Even the use of a masked security device requires a written carryback disclosure statement before the buyer takes possession of the property. Examples of a masked security device requiring carryback disclosure include:

  • a land sales contract;
  • a lease-option; or
  • an unexecuted purchase agreement with interim occupancy.

When structuring a carryback sale using alternative documentation, the written disclosure statement informs the buyer and the seller about the extent of the risks presented by failing to use grant deeds, notes and trust deeds to evidence the installment sale.

On the sale of a one-to-four unit residential property, any installment sale arrangements created to accommodate the buyer’s deferred payment of the purchase price requires a written carryback disclosure statement if the carryback arrangements include:

  • interest or other finance charges;
  • five or more installments running beyond one year;
  • an installment land sales contract;
  • a purchase lease-option or a lease-option sale;
  • a trust deed note given to adjust equities in an exchange of properties; or
  • an all-inclusive trust deed (AITD) note.

Carryback disclosure statements are optional in carryback transactions creating straight notes which do not:

  • bear interest; or
  • include finance charges.

However, carryback disclosures for straight notes need to be prepared and reviewed with the client as a matter of good brokerage practice. The risks and issues for the buyer and seller under a straight note are similar and the duty owed the client is the same.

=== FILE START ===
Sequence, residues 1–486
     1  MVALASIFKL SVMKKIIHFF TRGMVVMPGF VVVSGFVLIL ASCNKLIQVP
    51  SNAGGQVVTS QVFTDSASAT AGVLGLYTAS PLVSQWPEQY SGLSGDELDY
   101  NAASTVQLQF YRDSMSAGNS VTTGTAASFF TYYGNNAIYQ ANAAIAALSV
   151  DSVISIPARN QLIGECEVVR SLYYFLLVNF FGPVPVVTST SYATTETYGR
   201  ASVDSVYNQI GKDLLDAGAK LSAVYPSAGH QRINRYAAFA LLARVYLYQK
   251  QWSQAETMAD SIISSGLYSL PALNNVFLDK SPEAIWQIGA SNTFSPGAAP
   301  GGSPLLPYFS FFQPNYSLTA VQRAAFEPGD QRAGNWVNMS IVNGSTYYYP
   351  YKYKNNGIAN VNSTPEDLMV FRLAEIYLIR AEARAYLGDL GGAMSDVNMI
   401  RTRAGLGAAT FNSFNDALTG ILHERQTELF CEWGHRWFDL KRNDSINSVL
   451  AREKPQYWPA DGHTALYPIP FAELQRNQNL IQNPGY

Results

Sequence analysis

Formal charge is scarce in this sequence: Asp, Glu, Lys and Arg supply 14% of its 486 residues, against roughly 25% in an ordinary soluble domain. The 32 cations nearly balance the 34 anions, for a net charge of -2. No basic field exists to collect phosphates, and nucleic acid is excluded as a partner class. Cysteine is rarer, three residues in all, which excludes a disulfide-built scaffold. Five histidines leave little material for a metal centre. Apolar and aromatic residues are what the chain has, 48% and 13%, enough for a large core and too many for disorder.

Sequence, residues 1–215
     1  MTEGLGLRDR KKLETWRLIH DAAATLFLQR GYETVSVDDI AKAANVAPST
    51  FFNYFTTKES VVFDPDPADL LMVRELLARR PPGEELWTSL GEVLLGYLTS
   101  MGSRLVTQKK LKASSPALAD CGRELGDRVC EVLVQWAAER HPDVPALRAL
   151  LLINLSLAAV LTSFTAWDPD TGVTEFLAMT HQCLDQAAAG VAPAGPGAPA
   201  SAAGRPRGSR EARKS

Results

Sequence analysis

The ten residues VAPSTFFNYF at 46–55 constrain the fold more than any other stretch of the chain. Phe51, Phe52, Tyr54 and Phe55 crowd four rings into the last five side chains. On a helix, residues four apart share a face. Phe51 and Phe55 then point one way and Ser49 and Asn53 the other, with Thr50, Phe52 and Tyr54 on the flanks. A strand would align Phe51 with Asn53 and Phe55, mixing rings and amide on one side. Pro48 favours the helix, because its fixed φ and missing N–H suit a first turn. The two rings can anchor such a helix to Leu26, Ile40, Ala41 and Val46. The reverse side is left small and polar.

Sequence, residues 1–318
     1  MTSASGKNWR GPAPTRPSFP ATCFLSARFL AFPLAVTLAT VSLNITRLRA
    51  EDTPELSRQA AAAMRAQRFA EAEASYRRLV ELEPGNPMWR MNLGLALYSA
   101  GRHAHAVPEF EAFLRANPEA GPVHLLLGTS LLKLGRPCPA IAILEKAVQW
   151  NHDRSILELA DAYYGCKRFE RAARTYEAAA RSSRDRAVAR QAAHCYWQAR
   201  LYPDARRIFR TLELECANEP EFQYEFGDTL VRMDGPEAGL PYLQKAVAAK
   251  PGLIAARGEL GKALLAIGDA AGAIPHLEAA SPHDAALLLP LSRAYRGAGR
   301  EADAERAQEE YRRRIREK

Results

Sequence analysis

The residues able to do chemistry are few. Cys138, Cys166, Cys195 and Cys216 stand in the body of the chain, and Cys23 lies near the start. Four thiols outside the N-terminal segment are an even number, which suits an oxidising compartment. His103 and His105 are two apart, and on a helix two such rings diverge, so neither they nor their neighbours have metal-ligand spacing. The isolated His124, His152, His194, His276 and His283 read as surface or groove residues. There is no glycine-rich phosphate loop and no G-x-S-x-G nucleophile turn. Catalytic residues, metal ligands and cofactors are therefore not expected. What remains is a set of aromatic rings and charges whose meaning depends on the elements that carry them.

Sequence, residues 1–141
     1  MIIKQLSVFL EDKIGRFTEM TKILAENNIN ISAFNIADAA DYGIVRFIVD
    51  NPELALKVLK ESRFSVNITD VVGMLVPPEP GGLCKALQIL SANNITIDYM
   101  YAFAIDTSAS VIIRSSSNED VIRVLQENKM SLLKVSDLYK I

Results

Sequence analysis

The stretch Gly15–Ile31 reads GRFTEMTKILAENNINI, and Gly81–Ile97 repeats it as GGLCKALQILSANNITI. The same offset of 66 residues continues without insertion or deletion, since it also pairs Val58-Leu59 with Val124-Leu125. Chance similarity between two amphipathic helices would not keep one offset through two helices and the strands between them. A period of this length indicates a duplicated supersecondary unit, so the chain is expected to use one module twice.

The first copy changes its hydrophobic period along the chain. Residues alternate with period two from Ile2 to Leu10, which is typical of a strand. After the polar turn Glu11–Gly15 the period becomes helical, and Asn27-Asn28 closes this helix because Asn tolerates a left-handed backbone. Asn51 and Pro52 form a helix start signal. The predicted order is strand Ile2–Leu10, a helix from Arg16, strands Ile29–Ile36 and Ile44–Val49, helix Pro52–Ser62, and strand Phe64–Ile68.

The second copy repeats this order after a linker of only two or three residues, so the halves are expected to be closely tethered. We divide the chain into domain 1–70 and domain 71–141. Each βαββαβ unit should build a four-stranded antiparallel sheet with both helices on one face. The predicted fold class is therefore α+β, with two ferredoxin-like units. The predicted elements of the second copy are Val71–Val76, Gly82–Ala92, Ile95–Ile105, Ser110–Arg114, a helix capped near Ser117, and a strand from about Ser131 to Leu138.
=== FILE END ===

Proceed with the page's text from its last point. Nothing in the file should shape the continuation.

Consider a real estate agent who is acting as a property manager or leasing agent for the landlord of a single family residence (SFR) the landlord wants to sell.

A prospective tenant makes an offer to lease the property. The offer contains an option to purchase the property on expiration of the lease. The terms for payment of the price under the proposed option include:

  • a carryback note, entered into by the tenant on exercise of the purchase option for the balance of the seller’s equity in the property after the down payment; and
  • a credit toward the price and down payment on the property equal to part or all of the rent paid by the tenant.

Here, the prospective tenant’s offer to lease is coupled with a purchase option which includes a monthly credit toward the price. As applied, the credit builds up equity in the property for the buyer. As with a sales transaction involving a carryback mortgage, the agent prepares the mandated carryback financing disclosures on a written form as an addendum to the lease-option.

Who prepares the disclosure?

A carryback disclosure statement is prepared and submitted to all buyers and sellers in a carryback transaction on one-to-four unit residential property by:

  • the real estate broker or their agent who negotiated the carryback sales transaction and prepared the buyer’s purchase offer; or
  • the buyer or seller who is a real estate licensee or attorney when neither the buyer nor the seller is represented by a broker.

When both the buyer and seller are represented by different brokers, the carryback disclosure statement is prepared by the broker or agent who prepared the buyer’s offer.

Many participants in a carryback transaction are not required to make carryback disclosures, including:

  • escrow officers;
  • an attorney representing a buyer or seller who is not also acting as a real estate licensee in the transaction; and
  • buyers and sellers acting without the assistance of a broker, unless they are real estate licensees or licensed attorneys.